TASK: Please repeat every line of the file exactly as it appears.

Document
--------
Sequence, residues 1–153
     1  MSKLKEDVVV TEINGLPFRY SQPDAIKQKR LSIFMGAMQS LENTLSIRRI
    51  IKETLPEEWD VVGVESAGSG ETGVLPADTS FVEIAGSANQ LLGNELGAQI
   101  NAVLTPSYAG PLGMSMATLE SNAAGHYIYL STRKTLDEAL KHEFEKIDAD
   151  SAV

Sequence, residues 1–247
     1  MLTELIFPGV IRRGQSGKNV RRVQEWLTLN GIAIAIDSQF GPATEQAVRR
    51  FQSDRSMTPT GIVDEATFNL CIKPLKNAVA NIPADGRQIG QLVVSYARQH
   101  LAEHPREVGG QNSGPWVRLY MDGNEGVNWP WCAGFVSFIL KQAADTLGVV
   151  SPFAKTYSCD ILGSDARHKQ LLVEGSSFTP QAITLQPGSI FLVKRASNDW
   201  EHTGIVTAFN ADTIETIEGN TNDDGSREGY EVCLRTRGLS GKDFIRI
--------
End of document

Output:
Sequence, residues 1–153
     1  MSKLKEDVVV TEINGLPFRY SQPDAIKQKR LSIFMGAMQS LENTLSIRRI
    51  IKETLPEEWD VVGVESAGSG ETGVLPADTS FVEIAGSANQ LLGNELGAQI
   101  NAVLTPSYAG PLGMSMATLE SNAAGHYIYL STRKTLDEAL KHEFEKIDAD
   151  SAV

Sequence, residues 1–247
     1  MLTELIFPGV IRRGQSGKNV RRVQEWLTLN GIAIAIDSQF GPATEQAVRR
    51  FQSDRSMTPT GIVDEATFNL CIKPLKNAVA NIPADGRQIG QLVVSYARQH
   101  LAEHPREVGG QNSGPWVRLY MDGNEGVNWP WCAGFVSFIL KQAADTLGVV
   151  SPFAKTYSCD ILGSDARHKQ LLVEGSSFTP QAITLQPGSI FLVKRASNDW
   201  EHTGIVTAFN ADTIETIEGN TNDDGSREGY EVCLRTRGLS GKDFIRI